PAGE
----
As the Spanish fund industry consolidates - and parent banks merge or are taken over - there will be fewer private bank fund selectors and changes to access third-party funds.
The La Caixa/Cívica merger is expected to generate cost synergies of €540m per year by the third year of integration. "I am confident the merger will further improve the excellent service provided to our nearly 14 million customers," says Isidro Fainé, chairman of CaixaBank, the group's banking and insurance division.
The deal could also lead to the disappearance of asset manager Cívica Gestión de Activos less than a year after its creation. At launch last May, Cívica fund assets were valued around €3bn. Based on February figures, La Caixa's asset management arm InverCaixa could inherit just €2bn in assets from Cívica if the merger takes place.
With €17.5bn, the merged asset manager would be Spain's third-largest behind Santander Asset Management and BBVA Asset Management. InverCaixa has been a star sales performer in recent years, thanks to aggressive campaigns to promote its tranche-based guaranteed funds, or fondos garantizados.
Markets had expected La Caixa to take over Bankia, itself the result of a seven-way merger led by Caja Madrid. Such a deal would finish Bankia Fondos. Launched last year, the asset manager recently rationalised its inherited fund range. The number of funds was reduced from over 190 to 51. Bankia now wants to remain independent and sell assets to bolster its capital levels.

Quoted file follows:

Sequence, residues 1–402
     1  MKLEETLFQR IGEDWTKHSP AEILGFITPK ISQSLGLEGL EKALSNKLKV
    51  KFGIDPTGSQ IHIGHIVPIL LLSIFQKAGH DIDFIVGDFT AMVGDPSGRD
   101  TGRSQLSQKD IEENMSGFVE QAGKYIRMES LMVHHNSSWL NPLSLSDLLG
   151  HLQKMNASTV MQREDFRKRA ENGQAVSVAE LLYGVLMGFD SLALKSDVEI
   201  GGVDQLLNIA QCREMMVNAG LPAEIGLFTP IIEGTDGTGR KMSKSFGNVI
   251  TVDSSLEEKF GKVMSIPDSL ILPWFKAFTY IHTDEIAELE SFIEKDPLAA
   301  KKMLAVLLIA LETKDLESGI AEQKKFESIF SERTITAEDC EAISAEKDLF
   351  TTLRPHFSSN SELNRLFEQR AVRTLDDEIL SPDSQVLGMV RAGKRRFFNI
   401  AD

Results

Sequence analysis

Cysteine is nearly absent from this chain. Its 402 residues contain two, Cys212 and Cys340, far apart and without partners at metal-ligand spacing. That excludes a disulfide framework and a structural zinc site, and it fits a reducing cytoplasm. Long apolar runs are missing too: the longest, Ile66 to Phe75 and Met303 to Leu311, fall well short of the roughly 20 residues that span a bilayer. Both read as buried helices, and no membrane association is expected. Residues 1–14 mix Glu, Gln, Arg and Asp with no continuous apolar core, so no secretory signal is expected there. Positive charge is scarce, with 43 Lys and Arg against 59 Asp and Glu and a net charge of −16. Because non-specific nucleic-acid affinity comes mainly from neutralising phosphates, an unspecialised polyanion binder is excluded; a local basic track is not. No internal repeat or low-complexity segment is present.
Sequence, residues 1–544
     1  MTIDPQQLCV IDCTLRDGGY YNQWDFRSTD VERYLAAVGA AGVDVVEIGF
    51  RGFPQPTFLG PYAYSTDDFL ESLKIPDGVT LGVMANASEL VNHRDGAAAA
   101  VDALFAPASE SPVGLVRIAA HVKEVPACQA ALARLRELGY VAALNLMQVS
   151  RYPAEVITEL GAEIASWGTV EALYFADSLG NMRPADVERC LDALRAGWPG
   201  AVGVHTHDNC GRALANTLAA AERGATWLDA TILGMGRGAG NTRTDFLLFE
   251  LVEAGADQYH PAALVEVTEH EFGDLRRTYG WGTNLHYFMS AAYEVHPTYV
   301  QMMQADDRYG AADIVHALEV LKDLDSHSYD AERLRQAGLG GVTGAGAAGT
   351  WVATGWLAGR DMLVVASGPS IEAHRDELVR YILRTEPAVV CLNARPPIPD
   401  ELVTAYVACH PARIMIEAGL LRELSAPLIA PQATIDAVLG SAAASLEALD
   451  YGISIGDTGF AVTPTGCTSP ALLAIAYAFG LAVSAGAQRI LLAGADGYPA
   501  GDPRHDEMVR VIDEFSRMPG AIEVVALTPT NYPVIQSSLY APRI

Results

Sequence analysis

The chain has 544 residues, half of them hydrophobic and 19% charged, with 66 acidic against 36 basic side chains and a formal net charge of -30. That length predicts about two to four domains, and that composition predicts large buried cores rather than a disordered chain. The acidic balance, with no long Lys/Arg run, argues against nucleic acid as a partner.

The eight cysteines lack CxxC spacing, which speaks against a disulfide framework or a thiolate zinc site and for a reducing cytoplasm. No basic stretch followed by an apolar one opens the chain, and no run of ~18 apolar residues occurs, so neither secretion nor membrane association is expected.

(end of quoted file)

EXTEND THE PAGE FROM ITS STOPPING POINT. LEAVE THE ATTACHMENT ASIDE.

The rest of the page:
Captive asset management arms are slowly losing their grip on the Spanish fund market. Ahorro Corporación calculates that the domestic banks' share of AUM fell from 65.6% in 2010 to 50.6% at the end of February. It says the trend represents "a redistribution of market share in favour of independent groups, insurers and credit cooperatives."
Local independents and foreign fund groups have seen their market share climb to 13.9%, according to Ahorro Corporación.
The industry trade association INVERCO says foreign groups have a larger market share. Overseas groups have assets of €45bn, 22% of the industry total, it says.